Voices that Matter
When we began publishing this newspaper 15 years ago, we did so out of a belief that there were important voices missing from the discussion about homelessness and how it should be addressed. Washington, D.C., has long suffered from homelessness at rates higher than elsewhere in the nation. For decades, the gap between wages and the cost of housing in this city has widened, and we have seen more of our neighbors forced out of their homes and into our streets and shelters. We can do more as a community to address and end homelessness. If we are going to solve our homelessness crisis — and we must — we first have to gain an accurate understanding of its causes and those it affects most directly.
From our very first edition, published in November 2003, Street Sense has provided a vehicle through which all of us can learn about homelessness from those who have experienced it. In that way, we are unique. Nowhere else in this city can you consistently hear and learn from people who have experienced homelessness, in their own words.
Our vendors work hard, every day, to deliver this opportunity.
Our hope is that after reading our paper, you will see and understand the issue of homelessness differently, free from the myths and stereotypes often perpetuated elsewhere on the media landscape. We hope you will engage in discussions about what you read on these pages — with your family, your co-workers, the vendors who write for and sell the paper, and with policymakers at the local and federal level. Our hope is that the newspaper acts as an agent of change, not just for the people who publish and sell it but for the greater community. Ultimately, we hope the paper contributes to a discussion that eventually rids our community of homelessness.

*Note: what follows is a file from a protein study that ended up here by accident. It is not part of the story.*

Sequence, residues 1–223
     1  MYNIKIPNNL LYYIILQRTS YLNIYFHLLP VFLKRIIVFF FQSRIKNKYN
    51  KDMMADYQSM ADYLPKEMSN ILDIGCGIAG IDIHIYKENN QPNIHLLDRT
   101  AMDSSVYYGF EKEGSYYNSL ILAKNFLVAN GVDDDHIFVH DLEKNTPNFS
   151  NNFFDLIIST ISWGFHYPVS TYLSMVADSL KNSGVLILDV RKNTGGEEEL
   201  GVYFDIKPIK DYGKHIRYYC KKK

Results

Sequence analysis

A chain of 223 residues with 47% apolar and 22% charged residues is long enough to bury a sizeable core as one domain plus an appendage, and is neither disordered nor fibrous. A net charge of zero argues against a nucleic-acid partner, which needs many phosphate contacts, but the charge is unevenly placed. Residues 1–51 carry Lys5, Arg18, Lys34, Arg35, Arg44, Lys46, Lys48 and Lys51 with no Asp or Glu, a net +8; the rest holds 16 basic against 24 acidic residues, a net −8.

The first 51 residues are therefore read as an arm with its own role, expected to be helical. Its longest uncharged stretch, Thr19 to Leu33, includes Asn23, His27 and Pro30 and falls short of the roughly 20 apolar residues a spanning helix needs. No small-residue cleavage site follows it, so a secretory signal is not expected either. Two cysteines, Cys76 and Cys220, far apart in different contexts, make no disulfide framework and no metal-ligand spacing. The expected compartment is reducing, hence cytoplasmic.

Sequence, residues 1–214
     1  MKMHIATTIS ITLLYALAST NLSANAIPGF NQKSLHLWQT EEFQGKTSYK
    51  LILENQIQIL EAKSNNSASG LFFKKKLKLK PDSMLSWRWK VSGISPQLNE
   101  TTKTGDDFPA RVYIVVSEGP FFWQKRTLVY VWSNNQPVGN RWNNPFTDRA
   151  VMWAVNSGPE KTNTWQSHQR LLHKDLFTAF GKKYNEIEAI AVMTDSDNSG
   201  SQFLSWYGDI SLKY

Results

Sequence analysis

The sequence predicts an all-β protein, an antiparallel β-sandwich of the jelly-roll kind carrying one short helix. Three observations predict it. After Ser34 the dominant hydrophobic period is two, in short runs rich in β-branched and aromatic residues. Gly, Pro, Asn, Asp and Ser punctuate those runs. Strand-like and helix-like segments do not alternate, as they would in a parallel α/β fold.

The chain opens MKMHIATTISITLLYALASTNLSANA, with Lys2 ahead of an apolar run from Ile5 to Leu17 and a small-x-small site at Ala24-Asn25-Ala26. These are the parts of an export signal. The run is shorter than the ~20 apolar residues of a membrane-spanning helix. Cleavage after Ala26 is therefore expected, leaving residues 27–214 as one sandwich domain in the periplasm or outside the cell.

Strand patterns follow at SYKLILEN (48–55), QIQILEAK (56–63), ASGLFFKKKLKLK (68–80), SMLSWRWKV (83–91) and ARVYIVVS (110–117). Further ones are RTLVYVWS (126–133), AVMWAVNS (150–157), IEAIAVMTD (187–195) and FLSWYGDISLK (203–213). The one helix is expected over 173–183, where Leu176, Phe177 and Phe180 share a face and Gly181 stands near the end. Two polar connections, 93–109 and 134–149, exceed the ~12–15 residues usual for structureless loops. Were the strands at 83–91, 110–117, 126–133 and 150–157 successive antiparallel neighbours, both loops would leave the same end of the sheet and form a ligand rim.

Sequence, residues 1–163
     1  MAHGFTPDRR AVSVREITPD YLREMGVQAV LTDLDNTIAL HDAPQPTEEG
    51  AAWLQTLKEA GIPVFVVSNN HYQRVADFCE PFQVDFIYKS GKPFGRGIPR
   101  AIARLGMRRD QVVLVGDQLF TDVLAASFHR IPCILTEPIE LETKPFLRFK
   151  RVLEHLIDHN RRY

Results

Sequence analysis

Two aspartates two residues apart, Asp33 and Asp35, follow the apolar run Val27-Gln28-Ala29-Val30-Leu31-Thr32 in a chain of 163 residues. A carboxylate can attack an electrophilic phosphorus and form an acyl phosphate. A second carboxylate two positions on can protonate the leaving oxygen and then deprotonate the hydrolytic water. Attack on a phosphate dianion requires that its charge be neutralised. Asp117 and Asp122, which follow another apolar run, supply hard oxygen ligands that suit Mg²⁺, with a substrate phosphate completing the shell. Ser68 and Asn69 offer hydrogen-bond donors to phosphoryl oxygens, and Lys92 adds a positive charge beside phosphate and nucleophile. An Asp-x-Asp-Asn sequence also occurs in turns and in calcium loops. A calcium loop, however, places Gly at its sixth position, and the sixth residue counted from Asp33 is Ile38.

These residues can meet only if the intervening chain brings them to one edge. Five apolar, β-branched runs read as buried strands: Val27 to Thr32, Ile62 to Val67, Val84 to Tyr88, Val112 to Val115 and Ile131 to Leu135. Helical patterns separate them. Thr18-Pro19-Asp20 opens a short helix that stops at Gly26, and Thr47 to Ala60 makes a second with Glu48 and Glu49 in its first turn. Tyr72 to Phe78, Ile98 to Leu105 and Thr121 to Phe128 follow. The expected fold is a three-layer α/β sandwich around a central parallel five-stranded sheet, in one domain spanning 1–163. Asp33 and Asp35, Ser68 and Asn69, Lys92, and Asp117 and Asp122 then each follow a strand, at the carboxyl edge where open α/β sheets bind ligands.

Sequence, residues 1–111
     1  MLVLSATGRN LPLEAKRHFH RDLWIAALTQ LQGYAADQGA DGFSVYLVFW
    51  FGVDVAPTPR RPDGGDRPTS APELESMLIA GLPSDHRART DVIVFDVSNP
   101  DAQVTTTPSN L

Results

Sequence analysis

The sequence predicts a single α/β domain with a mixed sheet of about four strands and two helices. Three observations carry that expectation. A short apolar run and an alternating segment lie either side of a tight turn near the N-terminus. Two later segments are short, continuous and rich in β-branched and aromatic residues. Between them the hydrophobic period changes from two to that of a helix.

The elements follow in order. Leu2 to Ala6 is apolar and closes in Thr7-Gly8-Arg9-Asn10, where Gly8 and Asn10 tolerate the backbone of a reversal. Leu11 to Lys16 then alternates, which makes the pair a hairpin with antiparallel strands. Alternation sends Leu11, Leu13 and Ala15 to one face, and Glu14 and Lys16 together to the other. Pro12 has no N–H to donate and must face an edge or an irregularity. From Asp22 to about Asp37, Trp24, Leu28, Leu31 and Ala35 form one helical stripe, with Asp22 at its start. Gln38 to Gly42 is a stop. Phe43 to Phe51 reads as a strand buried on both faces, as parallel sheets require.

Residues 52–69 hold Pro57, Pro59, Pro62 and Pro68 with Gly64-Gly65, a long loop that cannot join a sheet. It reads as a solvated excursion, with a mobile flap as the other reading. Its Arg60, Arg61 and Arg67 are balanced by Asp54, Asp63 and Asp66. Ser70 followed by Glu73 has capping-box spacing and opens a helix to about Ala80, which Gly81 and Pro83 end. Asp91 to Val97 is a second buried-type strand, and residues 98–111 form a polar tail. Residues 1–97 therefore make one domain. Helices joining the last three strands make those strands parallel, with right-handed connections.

During one week every February, the International Network of Street Papers (INSP), of which we are a proud member, celebrates the work of street paper vendors worldwide. We normally observe this week by inviting local celebrities to sell our paper for a few hours. This year, we are celebrating by turning up the volume of the voices that our vendors bring to our community.
Video by the International Network of Street Papers.
This edition celebrates in a special way what we do in every paper throughout the year: raise the voices of men and women who have experienced homelessness, out of a hope that those voices contribute to a new understanding of the issue and ultimately motivate a community and political will to eradicate it.
More recently, since 2013, we have built upon the success of the paper by adding new platforms from which our vendors can express their ideas and opinions. Today, our vendors are raising up their voices through theater, film, spoken word, photography, podcasts and illustration. Each voice enriches our community and, we hope, brings us towards a fuller understanding of homelessness and how it affects us all.
Because it does affect us all.
Thank you for celebrating with us this week through your purchase of this paper. If you are moved by something you read here, we hope you will share your thoughts with a neighbor and start a conversation with the vendor whose writing touched you. Such conversations can help build a stronger community and enrich the lives of all of us.